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Re: Suspension of Writ of Habeas Corpus – Automatic in Martial Law.

Aquino vs. Enrile (1974)

These cases are all petitions for habeas corpus, the petitioners having been arrested and
detained by the military by virtue of the President’s Proclamation No. 1081.

The petitioners were arrested and held pursuant to General Order No. 2 of the
President (September 22, 1972), “for being participants or for having given aid and
comfort in the conspiracy to seize political and state power in the country and to take
over the Government by force. . .” General Order No. 2 was issued by the President in
the exercise of the powers he assumed by virtue of Proclamation No. 1081

Diokno ‘s petition was dismissed after it became moot and academic when he was
released. Other petitioners were permitted to withdraw or were released.

Formal charges of murder, subversion and illegal possession of firearms were file against
Aquino with a Military Commission. Aquino then challenged the jurisdiction of said
Commission as well as his continued detention by virtue of those charges in a petition
for certiorari and prohibition.

1. WON this Court may inquire into the validity of Proclamation No. 1081.
Is the existence of conditions claimed to justify the exercise of the power to declare
martial law subject to judicial inquiry?
Is the question political or justiciable in character?

(4)Justices Makasiar, Antonio, Esguerra, Fernandez and Aquino: hold that the question is
political and therefore its determination is beyond the jurisdiction of this Court.

Justice Barredo, on the other hand, believes that political questions are not per se
beyond the Court’s jurisdiction, the judicial power vested in it by the Constitution being
plenary and all-embracing, but that as a matter of policy implicit in the Constitution
itself the Court should abstain from interfering with the Executive’s Proclamation,
dealing as it does with national security, for which the responsibility is vested by the
charter in him alone.

Justice Esguerra maintains that the findings of the President on the existence of the
grounds for the declaration of martial law are final and conclusive upon the Courts.

Justice Barredo draws a distinction between the power of the President to suspend the
privilege of the writ of habeas corpus, and his power to proclaim martial law, calling
attention to the fact that while the Bill of Rights prohibits suspension of the privilege
except in the instances specified therein, it places no such prohibition or qualification
with respect to the declaration of martial law.

(4)Justice Antonio, along with Justices Makasiar, Fernandez and Aquino: finds that there
is no dispute as to the existence of a state of rebellion in the country, and on that
premise emphasizes the factor of necessity for the exercise by the President of his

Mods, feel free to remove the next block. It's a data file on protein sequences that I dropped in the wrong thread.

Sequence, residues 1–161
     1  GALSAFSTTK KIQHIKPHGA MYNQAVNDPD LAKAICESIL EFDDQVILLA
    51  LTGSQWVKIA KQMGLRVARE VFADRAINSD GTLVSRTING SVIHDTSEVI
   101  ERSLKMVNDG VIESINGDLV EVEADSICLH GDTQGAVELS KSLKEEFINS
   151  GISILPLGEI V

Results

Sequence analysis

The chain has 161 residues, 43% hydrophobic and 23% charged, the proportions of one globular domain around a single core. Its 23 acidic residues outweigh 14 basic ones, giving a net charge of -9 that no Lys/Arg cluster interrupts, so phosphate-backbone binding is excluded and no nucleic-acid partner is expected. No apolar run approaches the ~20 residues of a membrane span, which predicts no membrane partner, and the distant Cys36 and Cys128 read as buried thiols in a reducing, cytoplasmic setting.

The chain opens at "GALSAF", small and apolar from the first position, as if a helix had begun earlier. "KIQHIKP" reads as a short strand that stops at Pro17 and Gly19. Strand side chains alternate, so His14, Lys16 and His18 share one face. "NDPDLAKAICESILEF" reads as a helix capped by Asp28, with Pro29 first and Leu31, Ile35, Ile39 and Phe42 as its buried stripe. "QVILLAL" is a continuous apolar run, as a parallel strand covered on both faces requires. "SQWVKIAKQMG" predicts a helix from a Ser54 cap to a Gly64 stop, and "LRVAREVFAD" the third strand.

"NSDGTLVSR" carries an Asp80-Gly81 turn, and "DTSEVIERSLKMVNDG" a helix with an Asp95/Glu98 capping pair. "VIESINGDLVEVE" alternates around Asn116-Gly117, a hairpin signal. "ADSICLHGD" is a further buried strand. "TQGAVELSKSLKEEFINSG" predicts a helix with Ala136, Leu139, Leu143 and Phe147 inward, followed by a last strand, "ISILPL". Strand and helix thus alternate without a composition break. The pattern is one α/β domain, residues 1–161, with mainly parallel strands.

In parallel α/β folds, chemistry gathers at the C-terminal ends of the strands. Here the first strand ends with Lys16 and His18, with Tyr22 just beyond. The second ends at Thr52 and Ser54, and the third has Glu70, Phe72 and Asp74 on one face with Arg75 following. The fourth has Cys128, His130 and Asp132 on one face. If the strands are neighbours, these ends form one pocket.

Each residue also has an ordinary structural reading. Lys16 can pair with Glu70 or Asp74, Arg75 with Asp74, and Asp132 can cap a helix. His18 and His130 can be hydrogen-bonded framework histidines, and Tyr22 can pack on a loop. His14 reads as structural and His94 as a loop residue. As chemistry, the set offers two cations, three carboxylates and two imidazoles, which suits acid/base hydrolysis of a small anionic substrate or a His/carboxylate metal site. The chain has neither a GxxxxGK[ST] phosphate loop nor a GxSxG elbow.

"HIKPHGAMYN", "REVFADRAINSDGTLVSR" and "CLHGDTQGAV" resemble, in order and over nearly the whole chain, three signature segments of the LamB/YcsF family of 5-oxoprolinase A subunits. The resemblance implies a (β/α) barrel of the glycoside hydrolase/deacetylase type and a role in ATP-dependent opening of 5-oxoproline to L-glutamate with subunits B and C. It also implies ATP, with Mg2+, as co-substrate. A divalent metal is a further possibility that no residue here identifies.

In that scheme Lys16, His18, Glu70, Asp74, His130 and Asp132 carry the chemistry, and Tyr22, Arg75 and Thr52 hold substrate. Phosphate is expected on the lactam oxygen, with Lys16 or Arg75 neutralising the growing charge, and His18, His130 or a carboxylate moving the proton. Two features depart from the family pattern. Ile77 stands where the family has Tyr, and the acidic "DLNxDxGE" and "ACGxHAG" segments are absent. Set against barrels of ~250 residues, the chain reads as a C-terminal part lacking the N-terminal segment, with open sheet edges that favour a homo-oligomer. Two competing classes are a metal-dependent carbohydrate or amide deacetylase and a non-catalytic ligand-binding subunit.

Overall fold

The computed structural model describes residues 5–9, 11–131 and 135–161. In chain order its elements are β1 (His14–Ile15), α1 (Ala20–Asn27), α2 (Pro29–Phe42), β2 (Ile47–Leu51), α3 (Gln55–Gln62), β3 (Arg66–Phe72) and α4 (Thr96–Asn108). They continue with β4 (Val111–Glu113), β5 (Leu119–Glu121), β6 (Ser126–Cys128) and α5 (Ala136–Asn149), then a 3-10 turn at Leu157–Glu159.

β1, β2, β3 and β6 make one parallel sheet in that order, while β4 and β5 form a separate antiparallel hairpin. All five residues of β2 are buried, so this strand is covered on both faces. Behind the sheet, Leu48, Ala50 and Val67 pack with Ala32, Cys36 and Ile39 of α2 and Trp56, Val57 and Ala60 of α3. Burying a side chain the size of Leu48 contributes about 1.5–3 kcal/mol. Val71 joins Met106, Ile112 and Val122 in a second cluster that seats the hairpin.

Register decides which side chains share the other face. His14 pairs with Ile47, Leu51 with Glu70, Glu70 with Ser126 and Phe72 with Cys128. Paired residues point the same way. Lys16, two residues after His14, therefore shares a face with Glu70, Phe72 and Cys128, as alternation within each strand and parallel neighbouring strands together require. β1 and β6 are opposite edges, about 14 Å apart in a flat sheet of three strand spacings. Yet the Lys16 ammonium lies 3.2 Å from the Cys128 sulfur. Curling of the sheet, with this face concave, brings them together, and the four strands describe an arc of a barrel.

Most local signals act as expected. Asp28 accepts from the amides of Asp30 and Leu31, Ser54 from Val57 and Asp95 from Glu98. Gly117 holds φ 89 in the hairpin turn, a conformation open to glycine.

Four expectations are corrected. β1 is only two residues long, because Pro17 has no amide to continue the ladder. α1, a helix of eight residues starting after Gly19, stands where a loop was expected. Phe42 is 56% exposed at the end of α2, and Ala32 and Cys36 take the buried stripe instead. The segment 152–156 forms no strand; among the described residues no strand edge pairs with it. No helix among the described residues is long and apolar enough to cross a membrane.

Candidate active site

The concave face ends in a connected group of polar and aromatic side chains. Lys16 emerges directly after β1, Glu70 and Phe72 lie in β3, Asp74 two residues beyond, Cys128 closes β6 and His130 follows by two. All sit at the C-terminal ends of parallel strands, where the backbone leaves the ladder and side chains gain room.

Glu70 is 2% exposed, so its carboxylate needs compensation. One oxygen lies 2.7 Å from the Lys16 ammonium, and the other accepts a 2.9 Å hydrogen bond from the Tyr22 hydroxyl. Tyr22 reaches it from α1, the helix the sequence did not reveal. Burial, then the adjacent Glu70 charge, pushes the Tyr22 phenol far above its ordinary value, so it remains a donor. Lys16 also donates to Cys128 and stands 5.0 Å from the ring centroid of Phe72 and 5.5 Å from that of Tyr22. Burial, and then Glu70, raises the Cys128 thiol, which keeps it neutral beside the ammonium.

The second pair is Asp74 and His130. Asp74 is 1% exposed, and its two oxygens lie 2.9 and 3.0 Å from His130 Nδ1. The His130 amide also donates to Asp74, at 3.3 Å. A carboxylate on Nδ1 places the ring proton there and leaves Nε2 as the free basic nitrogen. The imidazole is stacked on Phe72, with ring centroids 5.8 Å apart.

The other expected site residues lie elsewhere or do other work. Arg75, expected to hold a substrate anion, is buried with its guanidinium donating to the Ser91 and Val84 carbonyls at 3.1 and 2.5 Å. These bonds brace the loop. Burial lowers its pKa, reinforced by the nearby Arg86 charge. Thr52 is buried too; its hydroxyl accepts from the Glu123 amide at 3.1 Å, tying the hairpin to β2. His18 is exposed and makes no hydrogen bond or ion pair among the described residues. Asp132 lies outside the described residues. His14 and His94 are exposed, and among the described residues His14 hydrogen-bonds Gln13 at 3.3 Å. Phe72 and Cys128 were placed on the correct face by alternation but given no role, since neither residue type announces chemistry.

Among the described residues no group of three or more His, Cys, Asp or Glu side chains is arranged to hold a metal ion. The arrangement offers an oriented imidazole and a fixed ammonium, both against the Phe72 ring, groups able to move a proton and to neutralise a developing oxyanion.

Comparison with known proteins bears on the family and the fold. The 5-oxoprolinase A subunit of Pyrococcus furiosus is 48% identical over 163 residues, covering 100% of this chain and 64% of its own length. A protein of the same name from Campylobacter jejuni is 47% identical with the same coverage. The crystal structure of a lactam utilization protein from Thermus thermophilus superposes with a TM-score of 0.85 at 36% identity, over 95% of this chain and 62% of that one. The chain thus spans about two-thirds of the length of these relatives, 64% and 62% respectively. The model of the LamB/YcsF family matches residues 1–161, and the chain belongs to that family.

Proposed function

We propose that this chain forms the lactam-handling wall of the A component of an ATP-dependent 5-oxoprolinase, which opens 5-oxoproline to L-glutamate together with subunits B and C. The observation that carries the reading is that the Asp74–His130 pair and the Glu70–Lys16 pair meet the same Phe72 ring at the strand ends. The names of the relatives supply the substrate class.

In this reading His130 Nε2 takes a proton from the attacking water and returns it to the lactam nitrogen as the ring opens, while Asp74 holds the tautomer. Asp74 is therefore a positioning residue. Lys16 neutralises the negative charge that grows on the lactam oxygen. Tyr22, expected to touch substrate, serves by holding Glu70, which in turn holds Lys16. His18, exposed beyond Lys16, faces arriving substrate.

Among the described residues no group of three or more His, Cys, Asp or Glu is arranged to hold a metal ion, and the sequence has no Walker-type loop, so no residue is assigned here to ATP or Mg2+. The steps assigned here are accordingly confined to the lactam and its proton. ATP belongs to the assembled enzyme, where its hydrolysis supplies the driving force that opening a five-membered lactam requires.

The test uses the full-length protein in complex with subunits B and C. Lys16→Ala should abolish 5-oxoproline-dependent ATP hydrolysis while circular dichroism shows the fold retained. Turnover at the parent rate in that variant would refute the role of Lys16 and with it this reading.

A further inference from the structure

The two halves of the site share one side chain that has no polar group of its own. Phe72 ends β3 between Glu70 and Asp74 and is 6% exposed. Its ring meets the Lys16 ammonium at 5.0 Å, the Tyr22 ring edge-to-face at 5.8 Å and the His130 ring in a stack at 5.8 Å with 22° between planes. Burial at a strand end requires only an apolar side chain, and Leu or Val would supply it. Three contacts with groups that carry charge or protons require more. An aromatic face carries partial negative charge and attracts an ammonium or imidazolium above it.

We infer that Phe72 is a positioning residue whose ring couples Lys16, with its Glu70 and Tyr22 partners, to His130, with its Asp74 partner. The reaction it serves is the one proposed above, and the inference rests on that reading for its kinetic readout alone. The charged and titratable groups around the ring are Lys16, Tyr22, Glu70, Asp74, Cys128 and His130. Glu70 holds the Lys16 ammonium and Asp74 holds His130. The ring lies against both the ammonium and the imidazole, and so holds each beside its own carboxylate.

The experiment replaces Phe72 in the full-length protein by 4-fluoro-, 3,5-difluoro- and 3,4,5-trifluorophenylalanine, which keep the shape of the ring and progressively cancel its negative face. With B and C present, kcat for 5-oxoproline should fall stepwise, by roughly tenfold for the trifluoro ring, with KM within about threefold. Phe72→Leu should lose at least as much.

power under the Constitution to declare martial law, holding that the decision as to
whether or not there is such necessity is wholly confided to him and therefore is not
subject to judicial inquiry, his responsibility being directly to the people.

(4)Justices Castro, Fernando, Teehankee and Munoz Palma: hold that the constitutional
sufficiency of the proclamation may be inquired into by the Court. The test is not
whether the President’s decision is correct but whether, in suspending the writ, he did
or did not act arbitrarily. They found that there was no arbitrariness in the President’s
proclamation of martial law pursuant to the 1935 Constitution. C.J. Makalintal concurs
with them.

Validity of Proclamation No. 1081 has been foreclosed by the transitory provision of the
1973 Constitution [Art. XVII, Sec. 3(2)] that “all proclamations, orders, decrees,
instructions, and acts promulgated, issued, or done by the incumbent President shall be
part of the law of the land and shall remain valid, legal, binding and effective even after .
. . the ratification of this Constitution .

2. WON the petitions for HC of the released petitioners who have not withdrawn their
petitioners be dismissed.

The power to detain persons even without charges for acts related to the situation
which justifies the proclamation of martial law, such as the existence of a state of
rebellion, necessarily implies the power to impose upon the released detainees
conditions or restrictions which are germane to and necessary to carry out the purposes
of the proclamation.

Justice Fernando “is for easing the restrictions on the right to travel of petitioner
Rodrigo” and others similarly situated”.

Justice Teehankee believes that those restrictions do not constitute deprivation of

physical liberty within the meaning of the constitutional provision on the privilege of the
writ of habeas corpus.

Implicit in a state of martial law is the suspension of the said privilege with respect to
persons arrested or detained for acts related to the basic objective of the proclamation,
which is to suppress invasion, insurrection, or rebellion, or to safeguard public safety
against imminent danger thereof.

Justice Fernando, however, says that to him that is still an open question;

and Justice Munoz Palma qualifiedly dissents from the majority in her separate opinion,
votes for the dismissal of the petitions.